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Hot Tub Time Machine 2 Review

Hot Tub Time Machine 2 Review
by Derek Heeren

Hello, fellow viewers!  
Today, I watched Hot Tub Time Machine 2. Here are some thoughts—judge for yourself if you should go on an Excellent Adventure or if you should avoid a Bogus Journey to the theatres.
When we last saw our heroes:  I’m sure you all remember where we left Lou (Rob Corddry), Nick (Craig Robinson) and Jacob (Clark Duke) at the end of Hot Tub Time Machine 1.  Oh, you don’t?  Well, I didn’t either.  But don’t worry.  It doesn’t really matter.  Some guys found a time machine made out of a hot tub, went back to the 80’s, and introduced music and technology from the 90’s and the aughts to get rich. There, you’re caught up.  (there are some characters / jokes referenced from the first movie that you may not get.  When that happens, just laugh when everyone else does and you should be fine)
Prerequisite viewing: 7 out of 10
What’s this all about?:  Armed with a partial grasp of pop culture history and a hot tub time machine, Lou and Nick have created technical and musical empires of awesomeness. Or so it seems.  In reality, this awesomeness is a façade covering a center of stolen songs and lack-of-knowledge-on-how-companies work. Oh, and Lou’s son Jacob was also there, doing…whatever.  
The monstrously ego-centric Lou is having a grand ole time at one of the parties he’s thrown for himself until he gets shot in a very delicate location (i.e. his groin—not a room made of egg shells) by a mysterious, tuxedoed partygoer.  Nick and Jacob drag Lou to the Hot Tub Time Machine to take him back to the past, but they end up going 10 years into the future!  Dun Dun duuuuuuun.  Not only that, it’s apparently an alternate future…for some reason…because Lou is whole again.  Welp, movie over!  Guess everything worked out.  Time to head back—wait!  They can’t because the main ingredient of time travel—nitrotinadium--hasn’t been invented yet!  Dun, dun duuuuuun. Plot twist!  Explained to you by the third Amigo, Chevy Chase!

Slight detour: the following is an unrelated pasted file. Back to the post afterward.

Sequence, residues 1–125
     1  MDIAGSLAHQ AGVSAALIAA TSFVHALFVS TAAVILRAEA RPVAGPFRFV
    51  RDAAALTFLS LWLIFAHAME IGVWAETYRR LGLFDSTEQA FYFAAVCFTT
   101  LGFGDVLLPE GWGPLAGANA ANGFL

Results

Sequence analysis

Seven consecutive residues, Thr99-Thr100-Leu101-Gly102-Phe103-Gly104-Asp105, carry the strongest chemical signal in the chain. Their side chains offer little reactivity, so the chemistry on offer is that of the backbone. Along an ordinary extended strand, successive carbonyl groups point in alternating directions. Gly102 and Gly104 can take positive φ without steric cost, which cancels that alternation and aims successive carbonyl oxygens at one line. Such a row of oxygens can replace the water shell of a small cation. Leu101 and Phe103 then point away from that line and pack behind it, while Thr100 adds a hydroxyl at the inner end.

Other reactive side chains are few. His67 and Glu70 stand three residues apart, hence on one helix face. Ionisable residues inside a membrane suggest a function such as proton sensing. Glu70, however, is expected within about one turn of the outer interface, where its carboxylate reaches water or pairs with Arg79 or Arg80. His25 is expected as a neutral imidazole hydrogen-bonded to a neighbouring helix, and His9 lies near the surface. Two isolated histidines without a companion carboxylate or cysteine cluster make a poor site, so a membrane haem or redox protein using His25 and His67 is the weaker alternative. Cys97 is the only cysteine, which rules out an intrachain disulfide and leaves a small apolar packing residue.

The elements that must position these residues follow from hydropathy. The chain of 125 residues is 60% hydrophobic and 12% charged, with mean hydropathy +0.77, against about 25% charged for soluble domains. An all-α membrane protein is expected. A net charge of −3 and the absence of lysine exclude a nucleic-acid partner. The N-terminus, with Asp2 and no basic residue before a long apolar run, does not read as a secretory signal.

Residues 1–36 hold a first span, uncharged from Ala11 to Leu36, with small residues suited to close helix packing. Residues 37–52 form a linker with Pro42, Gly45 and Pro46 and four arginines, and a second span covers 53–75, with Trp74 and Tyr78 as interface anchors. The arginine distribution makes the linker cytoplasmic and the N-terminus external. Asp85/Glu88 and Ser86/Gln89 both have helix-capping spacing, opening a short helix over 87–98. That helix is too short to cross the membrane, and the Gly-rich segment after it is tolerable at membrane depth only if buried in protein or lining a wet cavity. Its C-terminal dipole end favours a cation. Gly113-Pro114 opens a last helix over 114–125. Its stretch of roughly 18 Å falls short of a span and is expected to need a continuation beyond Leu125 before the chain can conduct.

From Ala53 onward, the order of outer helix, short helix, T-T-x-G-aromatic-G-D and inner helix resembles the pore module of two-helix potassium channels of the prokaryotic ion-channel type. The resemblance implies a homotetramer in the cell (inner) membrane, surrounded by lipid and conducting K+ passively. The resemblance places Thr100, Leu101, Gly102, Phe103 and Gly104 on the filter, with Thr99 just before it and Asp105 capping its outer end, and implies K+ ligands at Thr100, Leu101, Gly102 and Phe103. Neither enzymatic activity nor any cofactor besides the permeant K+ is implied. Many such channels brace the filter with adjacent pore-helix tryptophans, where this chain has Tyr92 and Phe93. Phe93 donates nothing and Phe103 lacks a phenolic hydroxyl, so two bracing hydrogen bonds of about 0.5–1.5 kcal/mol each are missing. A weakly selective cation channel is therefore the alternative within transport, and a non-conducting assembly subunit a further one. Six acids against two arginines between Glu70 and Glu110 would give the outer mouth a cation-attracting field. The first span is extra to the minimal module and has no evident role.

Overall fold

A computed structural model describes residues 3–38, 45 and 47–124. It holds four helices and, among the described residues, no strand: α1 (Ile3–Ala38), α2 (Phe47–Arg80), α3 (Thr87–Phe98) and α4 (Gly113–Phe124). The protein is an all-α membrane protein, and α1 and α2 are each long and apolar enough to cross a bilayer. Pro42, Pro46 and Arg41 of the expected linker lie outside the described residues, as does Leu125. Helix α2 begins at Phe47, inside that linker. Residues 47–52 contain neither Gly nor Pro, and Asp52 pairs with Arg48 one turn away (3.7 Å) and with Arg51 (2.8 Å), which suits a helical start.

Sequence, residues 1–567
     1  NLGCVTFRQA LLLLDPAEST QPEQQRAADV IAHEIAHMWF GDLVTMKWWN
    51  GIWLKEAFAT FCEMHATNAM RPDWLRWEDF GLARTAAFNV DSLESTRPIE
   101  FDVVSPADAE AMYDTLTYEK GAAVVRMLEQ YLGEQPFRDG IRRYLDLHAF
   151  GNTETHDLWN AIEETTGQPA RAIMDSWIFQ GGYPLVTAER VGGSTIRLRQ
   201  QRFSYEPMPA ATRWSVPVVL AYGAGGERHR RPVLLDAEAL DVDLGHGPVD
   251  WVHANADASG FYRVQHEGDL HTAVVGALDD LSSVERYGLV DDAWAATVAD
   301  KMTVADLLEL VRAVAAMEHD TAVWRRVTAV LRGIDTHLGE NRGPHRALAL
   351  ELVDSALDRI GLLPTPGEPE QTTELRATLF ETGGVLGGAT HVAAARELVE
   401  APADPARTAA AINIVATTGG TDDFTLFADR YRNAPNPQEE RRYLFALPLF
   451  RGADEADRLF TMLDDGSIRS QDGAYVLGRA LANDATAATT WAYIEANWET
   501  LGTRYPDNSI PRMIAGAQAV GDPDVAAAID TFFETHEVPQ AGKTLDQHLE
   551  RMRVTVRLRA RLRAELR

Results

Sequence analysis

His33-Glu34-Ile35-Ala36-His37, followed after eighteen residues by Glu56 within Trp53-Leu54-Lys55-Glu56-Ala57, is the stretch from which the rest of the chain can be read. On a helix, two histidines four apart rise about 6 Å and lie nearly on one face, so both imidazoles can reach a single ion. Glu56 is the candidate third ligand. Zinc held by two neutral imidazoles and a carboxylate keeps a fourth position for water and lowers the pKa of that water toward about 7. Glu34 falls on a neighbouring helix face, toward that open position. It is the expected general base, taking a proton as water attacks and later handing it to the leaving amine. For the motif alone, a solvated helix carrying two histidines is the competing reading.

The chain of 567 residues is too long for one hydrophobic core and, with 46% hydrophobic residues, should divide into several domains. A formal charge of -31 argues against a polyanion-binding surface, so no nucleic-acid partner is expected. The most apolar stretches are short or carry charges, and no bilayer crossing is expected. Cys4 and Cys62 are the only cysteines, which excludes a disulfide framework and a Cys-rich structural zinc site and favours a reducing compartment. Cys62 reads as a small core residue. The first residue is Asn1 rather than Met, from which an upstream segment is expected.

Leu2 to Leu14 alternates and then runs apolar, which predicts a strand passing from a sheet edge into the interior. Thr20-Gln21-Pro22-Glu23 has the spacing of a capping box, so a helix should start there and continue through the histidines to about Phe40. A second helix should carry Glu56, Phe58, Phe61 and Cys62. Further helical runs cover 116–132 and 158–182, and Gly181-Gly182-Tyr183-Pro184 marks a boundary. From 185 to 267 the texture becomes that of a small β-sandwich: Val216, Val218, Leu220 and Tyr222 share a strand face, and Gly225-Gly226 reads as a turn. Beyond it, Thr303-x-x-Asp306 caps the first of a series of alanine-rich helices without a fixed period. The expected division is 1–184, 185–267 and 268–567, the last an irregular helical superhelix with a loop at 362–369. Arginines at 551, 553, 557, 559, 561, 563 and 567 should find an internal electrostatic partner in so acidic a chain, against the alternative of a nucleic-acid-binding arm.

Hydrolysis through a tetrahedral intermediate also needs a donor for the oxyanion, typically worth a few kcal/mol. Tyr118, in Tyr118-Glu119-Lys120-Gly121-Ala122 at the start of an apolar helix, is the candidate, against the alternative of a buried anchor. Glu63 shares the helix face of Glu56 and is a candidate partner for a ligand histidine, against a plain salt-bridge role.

After a brief, mandatory, Doc Brown-ian interlude on alternate timelines, the trio deduce that the 2025 future they’re in is actually the past to the 2015 they came from and that Lou’s mysterious, tuxedoed shooter must be here with them in the future (which is the present’s past).  Got all that?  Now, it’s a race against time to figure out who Lou’s shooter is before he or she goes back in time to the present and shoots Lou.  If they fail (or decide to get high and go to strip clubs instead of sleuthing) Lou will disappear.  Dun, dun, duuuuuun.
The first suspect the group tries to track down is their friend Adam (played by Jon Cusack in the first movie).  They can’t find him (for some unexplained reason) but they do find his helpful and optimistic son, Adam Jr. (Adam Scott).  They bring him along for the ride where Adam’s helpfulness and optimism is subjected to being trampled, drugged, beaten, and subjected to several other indignities that follow everyone that interacts with Lou.
Time travely mumbo jumbo: 8 out of 10